The report in question can be found here (pdf) and conveniently neglects to mention that the tunnels were also used to smuggle people, weapons and illicit substances. In 2007 in The Economist wrote: “Weapons and ammunition have long been smuggled into Gaza via tunnels under the strip’s border with Egypt. The tunnels are dug and controlled by criminal gangs … [who] then sell what they bring in — be it arms, drugs, cigarettes or other contraband — to the militias and on the black market in Gaza … The tunnels have also been the conduit, Western and Israeli intelligence officials believe, for weapons and money from Iran, and possibly even for Hamas men headed there for training. Both Fatah and the Israelis have also accused Hamas of opening the door to al-Qaeda…”

PressTV may also want to refer to the UNODC’s 2011 report (pdf) on human trafficking, which confirmed that “smuggling of migrants at the Sinai border has increased dramatically … hundreds of tunnels were built between Rafah and Egypt in order to circumvent travel restrictions.”

The following article has been rated “clickbait.” Reader discretion is advised. For a different flavor of insanity centering on Ambassador Khairat’s assumption of his post in Israel, see Arutz Sheva’s sensationalist-headline report: “Experts warn: War with Egypt possible.” Arutz Sheva translates and quotes at length a recent article from weekly Israeli Hebrew-language newspaper Makor Rishon. The “experts” cited are later clarified in the article as a retired Lt. Col. Eli Dekel, formerly of the IDF’s military intelligence arm, along with a retired individual from the Israeli Ministry of Defense whose former position is not stated. The article then further clarifies that Dekel is hawking his 2014 book, “The Next War Between Israel and Egypt.” Buried further still is the slight admission of a section header: “War appears highly unlikely.”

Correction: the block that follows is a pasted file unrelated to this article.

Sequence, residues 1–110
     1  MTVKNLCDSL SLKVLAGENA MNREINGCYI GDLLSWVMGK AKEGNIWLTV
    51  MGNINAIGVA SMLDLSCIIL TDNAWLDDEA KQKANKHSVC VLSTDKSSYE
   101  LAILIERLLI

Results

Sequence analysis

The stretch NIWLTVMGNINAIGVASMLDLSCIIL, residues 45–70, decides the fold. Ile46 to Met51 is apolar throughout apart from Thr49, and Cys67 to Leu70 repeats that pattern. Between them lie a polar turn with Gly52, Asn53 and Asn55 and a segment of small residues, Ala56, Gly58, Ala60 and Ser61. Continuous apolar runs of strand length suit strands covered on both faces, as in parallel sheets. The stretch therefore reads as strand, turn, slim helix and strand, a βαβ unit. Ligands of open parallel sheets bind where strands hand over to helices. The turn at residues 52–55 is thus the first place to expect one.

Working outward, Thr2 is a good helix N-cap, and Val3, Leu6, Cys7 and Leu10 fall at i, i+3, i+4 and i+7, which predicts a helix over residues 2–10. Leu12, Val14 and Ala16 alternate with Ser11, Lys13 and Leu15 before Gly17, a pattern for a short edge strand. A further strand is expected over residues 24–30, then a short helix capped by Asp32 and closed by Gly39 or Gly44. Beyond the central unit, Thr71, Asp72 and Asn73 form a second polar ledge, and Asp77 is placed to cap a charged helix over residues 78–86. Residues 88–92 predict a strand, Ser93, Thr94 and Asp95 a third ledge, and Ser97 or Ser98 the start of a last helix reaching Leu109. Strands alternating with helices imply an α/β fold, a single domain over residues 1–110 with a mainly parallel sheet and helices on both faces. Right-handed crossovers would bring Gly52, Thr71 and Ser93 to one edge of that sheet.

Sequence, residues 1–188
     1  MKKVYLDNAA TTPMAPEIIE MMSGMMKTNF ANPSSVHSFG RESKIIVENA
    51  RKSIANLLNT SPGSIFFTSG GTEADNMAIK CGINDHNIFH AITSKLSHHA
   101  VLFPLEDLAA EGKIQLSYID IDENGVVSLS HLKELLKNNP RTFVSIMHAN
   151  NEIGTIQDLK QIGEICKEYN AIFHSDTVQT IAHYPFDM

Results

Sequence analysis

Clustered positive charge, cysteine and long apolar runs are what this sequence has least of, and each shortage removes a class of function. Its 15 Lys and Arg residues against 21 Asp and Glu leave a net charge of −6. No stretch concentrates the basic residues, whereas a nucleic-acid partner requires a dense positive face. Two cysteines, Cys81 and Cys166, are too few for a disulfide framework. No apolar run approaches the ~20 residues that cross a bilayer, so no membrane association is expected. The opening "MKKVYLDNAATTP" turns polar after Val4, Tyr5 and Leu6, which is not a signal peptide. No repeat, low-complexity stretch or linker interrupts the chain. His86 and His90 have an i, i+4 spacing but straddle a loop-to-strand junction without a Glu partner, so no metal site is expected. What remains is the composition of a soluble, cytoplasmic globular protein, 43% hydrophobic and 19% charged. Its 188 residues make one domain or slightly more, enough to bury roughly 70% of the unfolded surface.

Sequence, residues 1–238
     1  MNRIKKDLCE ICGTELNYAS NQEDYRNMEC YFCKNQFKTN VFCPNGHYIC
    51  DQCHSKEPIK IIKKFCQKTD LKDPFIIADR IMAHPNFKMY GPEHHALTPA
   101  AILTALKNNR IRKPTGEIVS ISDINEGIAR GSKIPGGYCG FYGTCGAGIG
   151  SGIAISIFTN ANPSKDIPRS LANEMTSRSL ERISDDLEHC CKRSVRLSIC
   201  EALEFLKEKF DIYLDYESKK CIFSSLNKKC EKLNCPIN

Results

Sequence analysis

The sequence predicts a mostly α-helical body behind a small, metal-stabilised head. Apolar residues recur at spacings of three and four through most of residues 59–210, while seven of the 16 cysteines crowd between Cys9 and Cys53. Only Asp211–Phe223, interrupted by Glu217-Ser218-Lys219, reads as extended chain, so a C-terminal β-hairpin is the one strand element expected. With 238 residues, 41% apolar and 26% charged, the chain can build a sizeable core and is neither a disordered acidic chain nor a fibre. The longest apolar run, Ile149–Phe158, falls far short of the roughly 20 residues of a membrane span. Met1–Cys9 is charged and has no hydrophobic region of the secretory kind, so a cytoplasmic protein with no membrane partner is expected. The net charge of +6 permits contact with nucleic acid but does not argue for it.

Russians have found that their favorite holiday destinations, namely Egypt and Turkey, are now off limits, Corey Flintoff wrote for NPR, describing Moscow’s travel bans on the countries. After nearly 3 mn Russian tourists visited Egypt last year, tourism inflows from the European nation have come to a screeching halt. “Travel agencies tried to suggest different destinations, like [the United] Arab Emirates, like Israel and other countries,” the president of a tour agency lobbying group said, but their higher cost due to a devalued RUB is proving to be a challenge.


Yet another high-ranking North Korean official dies under mysterious circumstances: Doug Bandow takes a look in The National Interest at possible explanations for the latest questionable story surrounding the death of a high-ranking North Korean official. Kim Yang-gon, a close aide to DPRK leader Kim Jong Un, reportedly died in a car accident on Tuesday, according to official reports from North Korean state news agency KCNA. While the cause of death sounds innocent enough, an unusual number of North Korean officials have reportedly met the same fate. What strikes this latest suspicious death as something of an anomaly is Kim Jong Un being visibly upset at his funeral, a far cry, as Bandow puts it, “from the denunciation as ‘despicable human scum’ of his uncle, who was executed two years ago. Kim could have been play-acting, but the departed didn’t have the sort of public profile requiring that his death be sanitized for the public.” Bandow theorizes that Kim Yang-gon may have possibly been taken out by a rival, a view which Reuters also seems to point toward. (Read Paranoia and Mystery: Peering Into North Korea)


As we note in Egypt in the News, First Egypt ambassador in Israel in three years assumes post: Egypt has an ambassador in Israel for the first time in three years, Al Ahram reported. Hazem Khairat, who was appointed ambassador last June, arrived in Israel yesterday to officially assume his role. Egypt had not had an ambassador in Israel since Atef Salem was recalled by former President Mohamed Morsi following the Israeli attack on Gaza in 2012.